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More is not merrier in fertility clinics

By Jennifer Durgin

For many women undergoing in vitro fertilization, the prospect of twins or triplets often chalks up as a pro, not a con. After years of trying to have children, what could be better than having two or three at once?

Having a healthy mother and a healthy baby, and avoiding the neonatal intensive care unit, many experts argue. While a woman may be in favor of getting several embryos implanted at once, to boost her chance of achieving pregnancy, doing so can lead to twins, triplets, and even higher-order multiples. And that entails greater risk than a singleton birth does of prematurity, low birth weight, and perinatal mortality.

Lab: "You're always working with the balance" between getting the patient pregnant and not having a multiple pregnancy, says embryologist Judy Stern, Ph.D., director of DHMC's in vitro fertilization lab. Stern chairs the research committee of the Society for Assisted Reproductive Technology (SART), the professional organization for in vitro clinics. SART has been trying to improve that balancing act for almost a decade.

In 1998, SART began recommending that no more than three embryos be transferred for women under 35; four for women 35-40; and five for women older than 40. SART lowered those recommendations in 1999 and again in 2004 to one to two embryos for women under 35; two to three for women 35-37; three to four for women 38-40; and four to five for women over 40. These guidelines "were aimed at reducing, and ultimately eliminating," pregnancies of three or more, reported Stern and several coauthors in a recent issue of the journal Fertility and Sterility. It appears that the guidelines have worked.

For example, in 1998 about 8% of women under 35 who conceived through assisted reproduction at SART member clinics had high-order multiple births (triplets or more). In 2003, high-order multiples accounted for only about 4% of births among such women, and the figure has held steady since. A lesser decline occurred in the 35-37 age group, and there was no decline in women older than 37. But those groups already had few highorder multiple pregnancies.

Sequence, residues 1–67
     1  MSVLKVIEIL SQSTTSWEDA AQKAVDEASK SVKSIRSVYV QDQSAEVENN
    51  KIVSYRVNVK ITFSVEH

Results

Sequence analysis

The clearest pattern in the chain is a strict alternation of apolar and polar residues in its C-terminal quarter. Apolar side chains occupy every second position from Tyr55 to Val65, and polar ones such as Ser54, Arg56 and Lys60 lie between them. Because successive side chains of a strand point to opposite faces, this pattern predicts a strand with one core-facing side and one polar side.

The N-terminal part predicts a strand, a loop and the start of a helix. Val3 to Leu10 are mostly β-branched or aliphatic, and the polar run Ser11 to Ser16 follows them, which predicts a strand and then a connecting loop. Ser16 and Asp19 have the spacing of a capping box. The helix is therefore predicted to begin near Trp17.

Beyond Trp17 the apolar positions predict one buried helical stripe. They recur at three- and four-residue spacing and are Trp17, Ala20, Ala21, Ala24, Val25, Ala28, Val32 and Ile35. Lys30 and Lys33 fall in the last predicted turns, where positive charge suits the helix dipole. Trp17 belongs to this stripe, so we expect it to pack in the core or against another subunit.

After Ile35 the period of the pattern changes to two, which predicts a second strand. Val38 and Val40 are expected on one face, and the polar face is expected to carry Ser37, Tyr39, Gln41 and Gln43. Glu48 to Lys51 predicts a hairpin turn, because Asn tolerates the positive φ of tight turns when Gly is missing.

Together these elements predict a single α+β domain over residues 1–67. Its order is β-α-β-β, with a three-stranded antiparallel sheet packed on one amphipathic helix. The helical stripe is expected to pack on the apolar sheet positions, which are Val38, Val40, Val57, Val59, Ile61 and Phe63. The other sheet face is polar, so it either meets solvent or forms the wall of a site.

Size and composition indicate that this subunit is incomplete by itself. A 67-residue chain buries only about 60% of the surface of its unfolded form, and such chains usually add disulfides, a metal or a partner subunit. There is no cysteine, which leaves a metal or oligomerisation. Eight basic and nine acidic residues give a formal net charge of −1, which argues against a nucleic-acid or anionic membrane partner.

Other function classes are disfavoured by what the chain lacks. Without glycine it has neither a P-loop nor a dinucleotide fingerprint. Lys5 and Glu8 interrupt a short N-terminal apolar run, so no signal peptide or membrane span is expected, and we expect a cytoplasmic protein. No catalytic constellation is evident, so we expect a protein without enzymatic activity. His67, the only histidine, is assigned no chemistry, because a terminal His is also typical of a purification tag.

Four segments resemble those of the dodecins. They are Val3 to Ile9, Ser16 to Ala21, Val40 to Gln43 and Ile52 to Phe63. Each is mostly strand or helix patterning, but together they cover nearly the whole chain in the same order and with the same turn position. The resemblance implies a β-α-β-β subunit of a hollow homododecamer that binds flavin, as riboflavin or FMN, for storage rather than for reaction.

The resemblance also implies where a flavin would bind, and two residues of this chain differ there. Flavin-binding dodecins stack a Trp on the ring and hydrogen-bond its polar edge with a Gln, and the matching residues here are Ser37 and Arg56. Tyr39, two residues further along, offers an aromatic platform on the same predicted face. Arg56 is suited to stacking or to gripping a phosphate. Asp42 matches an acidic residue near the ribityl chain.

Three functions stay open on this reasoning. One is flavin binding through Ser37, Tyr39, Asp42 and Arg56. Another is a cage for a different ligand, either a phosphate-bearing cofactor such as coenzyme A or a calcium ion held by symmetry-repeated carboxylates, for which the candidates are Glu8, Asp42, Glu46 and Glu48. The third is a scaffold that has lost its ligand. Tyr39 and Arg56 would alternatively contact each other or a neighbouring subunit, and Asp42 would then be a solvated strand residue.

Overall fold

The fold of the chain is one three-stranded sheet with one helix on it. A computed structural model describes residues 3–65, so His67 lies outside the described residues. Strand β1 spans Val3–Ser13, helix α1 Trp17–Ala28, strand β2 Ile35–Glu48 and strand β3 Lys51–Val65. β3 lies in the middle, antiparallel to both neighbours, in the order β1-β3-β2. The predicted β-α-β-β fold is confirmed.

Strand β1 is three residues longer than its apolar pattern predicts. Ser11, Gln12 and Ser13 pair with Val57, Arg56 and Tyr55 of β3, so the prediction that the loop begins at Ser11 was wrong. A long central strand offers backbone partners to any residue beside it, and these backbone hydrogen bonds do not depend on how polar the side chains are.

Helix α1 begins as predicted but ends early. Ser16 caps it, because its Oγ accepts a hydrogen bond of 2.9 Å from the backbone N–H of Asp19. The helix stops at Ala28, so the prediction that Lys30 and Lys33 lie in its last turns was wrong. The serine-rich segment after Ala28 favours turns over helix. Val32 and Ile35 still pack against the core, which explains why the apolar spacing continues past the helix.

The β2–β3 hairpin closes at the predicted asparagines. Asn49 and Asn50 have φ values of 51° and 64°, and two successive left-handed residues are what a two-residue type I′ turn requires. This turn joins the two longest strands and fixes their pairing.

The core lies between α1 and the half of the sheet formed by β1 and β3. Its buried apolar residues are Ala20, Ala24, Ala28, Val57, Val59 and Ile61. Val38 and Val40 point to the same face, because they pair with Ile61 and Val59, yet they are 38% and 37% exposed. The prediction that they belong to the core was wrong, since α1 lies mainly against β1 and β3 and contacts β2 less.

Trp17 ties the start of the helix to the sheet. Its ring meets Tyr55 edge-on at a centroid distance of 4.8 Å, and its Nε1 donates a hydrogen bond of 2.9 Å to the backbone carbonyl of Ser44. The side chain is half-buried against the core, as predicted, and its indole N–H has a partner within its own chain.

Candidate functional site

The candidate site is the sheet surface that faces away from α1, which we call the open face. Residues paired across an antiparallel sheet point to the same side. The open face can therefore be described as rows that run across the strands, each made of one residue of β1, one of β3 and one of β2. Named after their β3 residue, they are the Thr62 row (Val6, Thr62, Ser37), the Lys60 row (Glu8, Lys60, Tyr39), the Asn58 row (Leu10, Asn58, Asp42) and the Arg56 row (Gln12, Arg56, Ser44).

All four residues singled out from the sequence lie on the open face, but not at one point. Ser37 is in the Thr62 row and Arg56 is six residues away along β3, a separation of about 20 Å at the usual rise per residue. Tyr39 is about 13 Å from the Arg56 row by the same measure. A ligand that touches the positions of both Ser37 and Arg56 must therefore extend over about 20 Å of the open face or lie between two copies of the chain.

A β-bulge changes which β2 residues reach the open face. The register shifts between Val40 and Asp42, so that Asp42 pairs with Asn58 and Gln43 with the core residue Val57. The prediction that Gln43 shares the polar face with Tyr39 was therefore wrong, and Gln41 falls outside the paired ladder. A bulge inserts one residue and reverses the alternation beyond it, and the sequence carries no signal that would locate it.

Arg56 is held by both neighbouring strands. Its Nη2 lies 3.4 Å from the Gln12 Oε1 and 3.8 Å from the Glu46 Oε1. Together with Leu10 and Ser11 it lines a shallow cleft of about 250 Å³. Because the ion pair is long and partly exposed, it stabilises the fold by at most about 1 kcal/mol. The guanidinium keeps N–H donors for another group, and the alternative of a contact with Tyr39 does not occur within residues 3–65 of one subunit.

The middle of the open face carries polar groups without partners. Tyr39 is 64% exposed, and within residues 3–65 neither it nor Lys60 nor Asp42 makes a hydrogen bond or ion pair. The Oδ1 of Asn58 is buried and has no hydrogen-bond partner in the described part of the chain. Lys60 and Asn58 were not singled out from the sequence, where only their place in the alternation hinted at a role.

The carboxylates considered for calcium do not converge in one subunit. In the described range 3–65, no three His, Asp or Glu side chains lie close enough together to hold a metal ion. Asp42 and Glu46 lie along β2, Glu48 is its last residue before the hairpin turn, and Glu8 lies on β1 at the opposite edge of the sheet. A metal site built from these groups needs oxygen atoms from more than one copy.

Dartmouth's Judy Stern reported recently on the apparent effect of new national guidelines for fertility clinics.

The national goal is "the delivery of a single healthy child."

"We can't say for sure that this was causation," admits Stern. But "when those recommendations came out we changed what we did here [at DHMC] . . . There's no question in my mind that at least some clinics" changed their practices because of the guidelines. "What the recommendations did as much as anything else was to set a bar, a standard," she adds.

Embryos: SART member clinics—which account for more than 85% of the fertility clinics in the U.S.—now transfer an average of 2.4 embryos at a time to women under 35. About 33% of pregnancies in that age group result in twins and about 4% in triplets. At DHMC, an average of 2.0 embryos are transferred at a time to women under 35, resulting in fewer twins than the national average and virtually no triplets in this age group.

Reducing the rate of twins is "the next hurdle" for in vitro clinics, says Stern. She and her coauthors acknowledge that even the latest SART guidelines

(published in 2006) "will not eliminate multiple births and allow us to reach our goal of the delivery of a single healthy child for all patients."

The National Institute of Child Health and Human Development echoed this goal in a report published in the April 2007 issue of Obstetrics & Gynecology: "The goal of assisted reproductive technologies should be the birth of healthy neonates rather than an increase in pregnancy rates alone. . . . Success should be redefined to emphasize the birth of term or late preterm singleton infants."

But the ability to reduce twinning rates without affecting pregnancy rates is limited by current embryo selection techniques and "the socioeconomic issues that pressure patients and physicians to transfer more embryos," write Stern and her coauthors.

Baby: "People are paying money," often out of their own pockets, she says. "They want a baby, and many think of twins as a positive thing." All of which means that pushing the field of in vitro fertilization toward single-embryo transfers and more singleton births is "going to be a much more difficult jump to make," Stern adds.

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